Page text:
Red Thread Disease

redthread.jpg (115420 bytes) Red thread disease on turfgrass.

This fungal disease is common on all amenity grasses although it is perhaps more common on ryegrasses and fescues.

It is caused by the fungus Laetisaria fuciformis (formerly Corticium fuciforme).

The fungus is favoured by periods of mild, damp weather which means that it can now be seen causing damage to turfgrasses throughout the year.  Red thread is a disease commonly associated with turf that is growing under low fertility conditions.  However, I am seeing an increasing number of affected turfgrass areas which have been maintained under adequate nutrition.

Initial symptoms of this disease are small watersoaked* patches on the leaf tissues.  These may well go unnoticed as the disease progresses rapidly to show areas of dry, straw-coloured turf which vary in size from 5-35cm in diameter.  Amongst the straw-coloured plants will generally be seen numerous red sclerotia* which give this disease its common name.  The margin between the affected and adjacent unaffected plants is quite diffuse but patches can coalesce to form large areas of affected turf.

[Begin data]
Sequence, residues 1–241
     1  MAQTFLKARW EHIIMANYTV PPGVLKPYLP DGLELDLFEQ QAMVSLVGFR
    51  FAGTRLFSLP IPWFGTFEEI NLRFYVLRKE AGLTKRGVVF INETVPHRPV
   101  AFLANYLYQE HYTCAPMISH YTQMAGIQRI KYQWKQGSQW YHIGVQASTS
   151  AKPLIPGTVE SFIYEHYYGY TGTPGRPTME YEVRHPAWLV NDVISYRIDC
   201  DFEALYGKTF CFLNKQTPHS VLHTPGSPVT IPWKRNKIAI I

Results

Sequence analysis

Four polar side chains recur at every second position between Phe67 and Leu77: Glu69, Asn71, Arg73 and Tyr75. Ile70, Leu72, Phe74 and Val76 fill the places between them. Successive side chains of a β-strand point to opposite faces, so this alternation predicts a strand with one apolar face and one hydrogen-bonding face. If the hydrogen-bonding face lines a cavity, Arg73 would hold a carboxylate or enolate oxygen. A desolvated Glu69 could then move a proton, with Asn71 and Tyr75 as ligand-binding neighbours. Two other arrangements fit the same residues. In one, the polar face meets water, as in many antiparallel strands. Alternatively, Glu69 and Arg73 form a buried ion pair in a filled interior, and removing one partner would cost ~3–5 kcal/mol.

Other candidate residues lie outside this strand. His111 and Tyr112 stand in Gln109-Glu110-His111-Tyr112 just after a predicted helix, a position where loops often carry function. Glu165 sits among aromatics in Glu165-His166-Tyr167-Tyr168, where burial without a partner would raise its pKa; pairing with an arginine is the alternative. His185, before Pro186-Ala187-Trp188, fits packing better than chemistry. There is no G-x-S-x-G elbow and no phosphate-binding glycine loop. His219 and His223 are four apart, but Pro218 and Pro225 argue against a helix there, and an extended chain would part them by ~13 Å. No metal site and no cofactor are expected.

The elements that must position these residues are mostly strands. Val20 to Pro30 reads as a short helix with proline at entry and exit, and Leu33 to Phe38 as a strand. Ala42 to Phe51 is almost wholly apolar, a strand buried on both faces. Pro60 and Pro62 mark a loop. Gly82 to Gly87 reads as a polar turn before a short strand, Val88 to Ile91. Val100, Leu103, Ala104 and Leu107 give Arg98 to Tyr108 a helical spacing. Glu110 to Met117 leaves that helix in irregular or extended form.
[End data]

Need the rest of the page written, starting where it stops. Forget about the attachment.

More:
Although the fungus is capable of infecting the crown of the plant, the disease is almost invariably contained within the leaf tissues.  As such, this disease, however damaging it may appear, almost never causes death of the plant and scaring of the sward is extremely rare.

*Watersoaked This is a term generally used to describe the appearance of leaf tissue that has become wet-looking, generally darkened and translucent as a result of fungal infection breaking down the internal structure of the leaf.

*Sclerotia These are masses of fungal hyphae which are bound together in hard structures which allow the fungus to survive periods of adverse environmental conditions.